Terry has some thoughts for what he believes would be successful at the property. “We’ve been dancing around a bit with an assisted-living developer,” he said. “A project with 90 units … I absolutely believe that would be a slam dunk, because all those younger people moving into town have mom and dad to think of in the near future. Sooner or later, they’ll need assisted-living types of housing. There’s no reason, in my opinion, why that couldn’t be successful.”

Albertson also looks ahead, rather than dwelling on the past pitfalls. “I think there’s a lot of potential, but I think it has to be done in a way that will grow with the community. Rather than something imposed on the town, something that just shows up and buries us … do it in a way that improves the community and adds to our employment base. I think it can be done right. It’s not going to happen in a year, but it’s already been 15, so we do want to do this right.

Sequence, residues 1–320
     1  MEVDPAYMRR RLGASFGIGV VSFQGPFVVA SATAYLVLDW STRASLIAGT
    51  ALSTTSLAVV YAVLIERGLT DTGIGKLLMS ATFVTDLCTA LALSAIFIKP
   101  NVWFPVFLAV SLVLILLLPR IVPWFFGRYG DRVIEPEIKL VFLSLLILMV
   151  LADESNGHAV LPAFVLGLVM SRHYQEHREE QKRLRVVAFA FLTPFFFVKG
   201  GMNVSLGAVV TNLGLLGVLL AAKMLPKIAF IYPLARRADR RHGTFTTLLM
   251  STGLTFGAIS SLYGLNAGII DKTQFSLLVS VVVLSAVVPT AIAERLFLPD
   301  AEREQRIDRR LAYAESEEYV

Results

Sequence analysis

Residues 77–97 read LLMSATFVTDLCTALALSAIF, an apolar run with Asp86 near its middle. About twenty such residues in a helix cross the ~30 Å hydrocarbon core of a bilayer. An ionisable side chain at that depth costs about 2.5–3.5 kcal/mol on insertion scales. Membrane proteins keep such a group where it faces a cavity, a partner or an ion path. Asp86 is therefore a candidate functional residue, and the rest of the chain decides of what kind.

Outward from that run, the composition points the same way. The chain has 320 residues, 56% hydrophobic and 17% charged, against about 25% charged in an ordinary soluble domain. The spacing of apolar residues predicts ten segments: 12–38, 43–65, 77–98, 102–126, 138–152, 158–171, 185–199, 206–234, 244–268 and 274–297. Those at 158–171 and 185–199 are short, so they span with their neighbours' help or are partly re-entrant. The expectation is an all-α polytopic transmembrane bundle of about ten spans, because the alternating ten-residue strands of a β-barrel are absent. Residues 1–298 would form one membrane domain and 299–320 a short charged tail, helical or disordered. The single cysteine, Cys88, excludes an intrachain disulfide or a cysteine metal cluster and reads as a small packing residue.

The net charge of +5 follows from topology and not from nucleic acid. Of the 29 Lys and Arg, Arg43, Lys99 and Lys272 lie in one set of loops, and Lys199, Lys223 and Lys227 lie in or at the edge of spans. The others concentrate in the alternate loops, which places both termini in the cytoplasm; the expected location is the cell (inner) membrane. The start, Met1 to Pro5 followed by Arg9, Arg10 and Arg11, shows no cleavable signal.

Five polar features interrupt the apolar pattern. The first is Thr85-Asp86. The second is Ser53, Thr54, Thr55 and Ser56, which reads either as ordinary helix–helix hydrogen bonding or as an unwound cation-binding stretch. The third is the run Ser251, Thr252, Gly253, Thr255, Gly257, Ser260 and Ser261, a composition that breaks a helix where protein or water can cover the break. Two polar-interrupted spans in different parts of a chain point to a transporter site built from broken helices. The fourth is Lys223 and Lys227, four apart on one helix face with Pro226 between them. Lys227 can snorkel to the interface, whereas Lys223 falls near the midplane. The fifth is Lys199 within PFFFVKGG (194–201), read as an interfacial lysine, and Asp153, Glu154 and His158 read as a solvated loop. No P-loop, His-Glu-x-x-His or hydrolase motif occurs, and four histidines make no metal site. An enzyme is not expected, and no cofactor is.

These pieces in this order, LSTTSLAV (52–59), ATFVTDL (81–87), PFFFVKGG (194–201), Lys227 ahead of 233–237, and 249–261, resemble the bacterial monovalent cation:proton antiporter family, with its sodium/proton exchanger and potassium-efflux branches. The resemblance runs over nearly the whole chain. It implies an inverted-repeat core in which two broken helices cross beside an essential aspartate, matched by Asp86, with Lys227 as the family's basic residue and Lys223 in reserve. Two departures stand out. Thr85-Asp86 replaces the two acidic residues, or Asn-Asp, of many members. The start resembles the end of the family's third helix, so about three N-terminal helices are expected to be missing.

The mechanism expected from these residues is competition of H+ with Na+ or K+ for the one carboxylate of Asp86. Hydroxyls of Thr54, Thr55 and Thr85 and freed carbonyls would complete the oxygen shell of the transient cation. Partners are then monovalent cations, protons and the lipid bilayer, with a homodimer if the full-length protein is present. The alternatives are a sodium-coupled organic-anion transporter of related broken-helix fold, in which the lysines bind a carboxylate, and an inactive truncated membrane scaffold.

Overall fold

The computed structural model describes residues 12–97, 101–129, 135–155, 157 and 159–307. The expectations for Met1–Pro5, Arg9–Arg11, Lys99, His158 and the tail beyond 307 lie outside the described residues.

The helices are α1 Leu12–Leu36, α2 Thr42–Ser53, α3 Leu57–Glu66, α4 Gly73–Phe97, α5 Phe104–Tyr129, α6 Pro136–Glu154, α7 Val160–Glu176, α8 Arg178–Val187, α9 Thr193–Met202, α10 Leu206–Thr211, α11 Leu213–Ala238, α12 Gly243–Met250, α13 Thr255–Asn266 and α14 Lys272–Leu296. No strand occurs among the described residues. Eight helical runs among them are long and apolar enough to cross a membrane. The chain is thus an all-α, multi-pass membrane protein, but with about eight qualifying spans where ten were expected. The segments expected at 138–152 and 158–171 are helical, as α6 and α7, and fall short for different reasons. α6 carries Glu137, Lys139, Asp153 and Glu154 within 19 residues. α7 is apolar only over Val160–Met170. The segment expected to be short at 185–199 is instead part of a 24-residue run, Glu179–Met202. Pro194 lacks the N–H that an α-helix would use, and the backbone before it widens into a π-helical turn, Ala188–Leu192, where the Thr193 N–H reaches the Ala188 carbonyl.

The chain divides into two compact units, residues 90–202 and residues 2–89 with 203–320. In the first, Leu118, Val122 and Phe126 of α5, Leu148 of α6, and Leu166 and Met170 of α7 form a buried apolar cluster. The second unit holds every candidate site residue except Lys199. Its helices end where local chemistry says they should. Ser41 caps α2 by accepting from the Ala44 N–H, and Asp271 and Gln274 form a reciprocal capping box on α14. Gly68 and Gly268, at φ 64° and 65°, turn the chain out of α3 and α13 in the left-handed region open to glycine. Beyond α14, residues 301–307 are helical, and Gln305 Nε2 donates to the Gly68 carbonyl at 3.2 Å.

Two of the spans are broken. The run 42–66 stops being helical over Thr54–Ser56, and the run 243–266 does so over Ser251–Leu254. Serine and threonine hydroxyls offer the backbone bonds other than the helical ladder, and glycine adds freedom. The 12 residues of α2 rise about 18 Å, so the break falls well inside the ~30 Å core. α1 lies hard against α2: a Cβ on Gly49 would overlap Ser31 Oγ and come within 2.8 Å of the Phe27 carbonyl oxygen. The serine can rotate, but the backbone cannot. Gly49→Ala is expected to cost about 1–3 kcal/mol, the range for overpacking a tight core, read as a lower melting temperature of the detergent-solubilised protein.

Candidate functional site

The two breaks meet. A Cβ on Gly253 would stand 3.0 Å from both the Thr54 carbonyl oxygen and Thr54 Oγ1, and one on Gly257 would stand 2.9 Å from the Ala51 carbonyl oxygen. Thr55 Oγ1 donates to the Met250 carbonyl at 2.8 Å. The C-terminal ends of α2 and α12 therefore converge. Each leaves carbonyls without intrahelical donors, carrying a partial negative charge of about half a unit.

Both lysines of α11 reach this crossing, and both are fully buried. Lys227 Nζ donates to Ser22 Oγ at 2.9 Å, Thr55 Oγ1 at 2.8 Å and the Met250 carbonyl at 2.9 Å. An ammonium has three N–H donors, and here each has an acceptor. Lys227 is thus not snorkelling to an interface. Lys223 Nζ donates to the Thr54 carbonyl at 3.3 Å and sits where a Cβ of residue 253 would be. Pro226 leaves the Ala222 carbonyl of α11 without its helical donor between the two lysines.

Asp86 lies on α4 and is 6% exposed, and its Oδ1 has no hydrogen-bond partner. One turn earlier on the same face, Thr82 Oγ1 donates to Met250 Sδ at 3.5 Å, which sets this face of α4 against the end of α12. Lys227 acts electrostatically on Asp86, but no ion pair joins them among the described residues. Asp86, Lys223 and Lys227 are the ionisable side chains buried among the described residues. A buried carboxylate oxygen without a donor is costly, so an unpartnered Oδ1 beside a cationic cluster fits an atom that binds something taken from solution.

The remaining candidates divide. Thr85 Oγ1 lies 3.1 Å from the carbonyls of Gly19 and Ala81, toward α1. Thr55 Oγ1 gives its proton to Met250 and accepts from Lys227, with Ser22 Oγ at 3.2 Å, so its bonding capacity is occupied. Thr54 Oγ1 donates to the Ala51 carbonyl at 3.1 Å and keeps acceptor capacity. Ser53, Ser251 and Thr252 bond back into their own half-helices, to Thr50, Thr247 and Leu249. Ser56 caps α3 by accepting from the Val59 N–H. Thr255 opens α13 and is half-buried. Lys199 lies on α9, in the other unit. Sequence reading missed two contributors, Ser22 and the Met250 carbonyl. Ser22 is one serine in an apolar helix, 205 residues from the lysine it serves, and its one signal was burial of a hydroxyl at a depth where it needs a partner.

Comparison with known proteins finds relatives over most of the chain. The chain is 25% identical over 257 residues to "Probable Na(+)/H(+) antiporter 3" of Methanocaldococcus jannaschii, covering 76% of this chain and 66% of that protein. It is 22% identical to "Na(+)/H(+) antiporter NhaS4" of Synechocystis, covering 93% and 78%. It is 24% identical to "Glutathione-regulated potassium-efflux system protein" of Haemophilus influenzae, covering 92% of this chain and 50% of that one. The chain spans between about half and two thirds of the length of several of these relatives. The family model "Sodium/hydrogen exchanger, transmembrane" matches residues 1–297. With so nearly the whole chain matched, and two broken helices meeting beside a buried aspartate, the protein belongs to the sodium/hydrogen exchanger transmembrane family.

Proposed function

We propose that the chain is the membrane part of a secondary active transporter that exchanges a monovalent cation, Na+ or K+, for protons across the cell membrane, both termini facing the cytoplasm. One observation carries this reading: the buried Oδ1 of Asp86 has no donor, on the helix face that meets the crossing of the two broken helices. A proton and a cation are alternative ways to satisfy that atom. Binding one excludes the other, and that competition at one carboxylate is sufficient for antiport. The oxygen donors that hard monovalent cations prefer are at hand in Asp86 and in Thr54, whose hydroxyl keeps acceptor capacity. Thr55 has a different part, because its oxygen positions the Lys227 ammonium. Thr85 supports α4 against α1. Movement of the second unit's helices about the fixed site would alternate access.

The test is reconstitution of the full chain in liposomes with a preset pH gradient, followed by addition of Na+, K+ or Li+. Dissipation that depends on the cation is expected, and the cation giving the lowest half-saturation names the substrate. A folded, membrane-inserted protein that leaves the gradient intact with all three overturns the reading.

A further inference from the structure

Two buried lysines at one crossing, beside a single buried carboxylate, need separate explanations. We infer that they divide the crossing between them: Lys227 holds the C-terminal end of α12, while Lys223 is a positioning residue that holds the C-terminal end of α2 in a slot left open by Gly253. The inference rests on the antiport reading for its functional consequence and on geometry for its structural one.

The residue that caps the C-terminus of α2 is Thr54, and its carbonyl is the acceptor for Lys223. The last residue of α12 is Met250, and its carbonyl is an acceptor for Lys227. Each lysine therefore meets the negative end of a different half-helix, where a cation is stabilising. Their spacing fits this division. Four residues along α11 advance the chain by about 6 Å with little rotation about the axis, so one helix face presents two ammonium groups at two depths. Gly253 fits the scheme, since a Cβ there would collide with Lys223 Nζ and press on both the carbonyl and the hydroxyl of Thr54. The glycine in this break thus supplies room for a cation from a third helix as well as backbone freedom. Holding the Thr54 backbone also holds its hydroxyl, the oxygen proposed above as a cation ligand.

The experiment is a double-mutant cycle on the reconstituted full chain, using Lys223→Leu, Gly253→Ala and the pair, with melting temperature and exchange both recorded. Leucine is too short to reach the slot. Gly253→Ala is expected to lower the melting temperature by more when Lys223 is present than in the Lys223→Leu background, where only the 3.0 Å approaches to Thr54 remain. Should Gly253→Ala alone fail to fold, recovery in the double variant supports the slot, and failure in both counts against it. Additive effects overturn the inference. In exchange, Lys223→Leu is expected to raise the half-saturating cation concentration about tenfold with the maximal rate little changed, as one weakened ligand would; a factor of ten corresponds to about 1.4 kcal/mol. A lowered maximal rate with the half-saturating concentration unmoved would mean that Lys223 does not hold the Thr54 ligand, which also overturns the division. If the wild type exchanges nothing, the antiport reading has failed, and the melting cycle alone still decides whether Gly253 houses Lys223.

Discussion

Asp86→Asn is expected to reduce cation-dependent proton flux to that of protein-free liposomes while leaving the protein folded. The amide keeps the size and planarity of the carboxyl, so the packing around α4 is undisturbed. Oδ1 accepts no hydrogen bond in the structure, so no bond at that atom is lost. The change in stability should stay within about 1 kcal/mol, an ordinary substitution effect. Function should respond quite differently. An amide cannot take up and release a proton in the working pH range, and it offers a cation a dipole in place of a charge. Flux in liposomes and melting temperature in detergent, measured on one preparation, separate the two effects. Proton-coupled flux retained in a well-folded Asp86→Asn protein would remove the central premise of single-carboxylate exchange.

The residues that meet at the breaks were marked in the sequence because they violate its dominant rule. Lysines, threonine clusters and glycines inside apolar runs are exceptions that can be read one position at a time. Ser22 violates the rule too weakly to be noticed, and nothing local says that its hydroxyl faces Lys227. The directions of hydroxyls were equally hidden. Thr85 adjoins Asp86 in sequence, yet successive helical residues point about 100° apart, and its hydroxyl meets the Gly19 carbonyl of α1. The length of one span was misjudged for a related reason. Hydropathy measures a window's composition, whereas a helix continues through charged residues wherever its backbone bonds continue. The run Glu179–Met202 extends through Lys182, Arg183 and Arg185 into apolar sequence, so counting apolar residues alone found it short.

“The New England Small Farm Institute is on the other side of the property,” he continued, “and we keep thinking about UMass, because an institutional connection seems to me like a perfect thing. We’ve got the UMass farms and orchards already in town, and it would not be much of a stretch at all if the university had a further presence here. It’s all about using the site, providing employment and activity in town without adding a lot of extra traffic.”

Speaking personally, Phaneuf said that he’d just like to see more jobs created in the town. “We employ 14 people here (at Town Hall), and while that’s small, that’s a similar size for many businesses in town.

“What I would like to see is a place to create jobs within the community so that people wouldn’t have to leave,” he continued, noting that 75% of the population currently travels out of town for work.

Plan Be

Devising ways to lower that number appreciably is just one of the things that town officials can do with that breathing room that comes with the lull in residential expansion.

That lull won’t last forever, or even another year or two, as the economy begins to improve and developers again eye ways to develop more of this community’s wide, open spaces. Challenges like the fate of the Belchertown State School property remain, but, overall, the forecast remains bright for a community with the room — and the imagination — to keep on growing.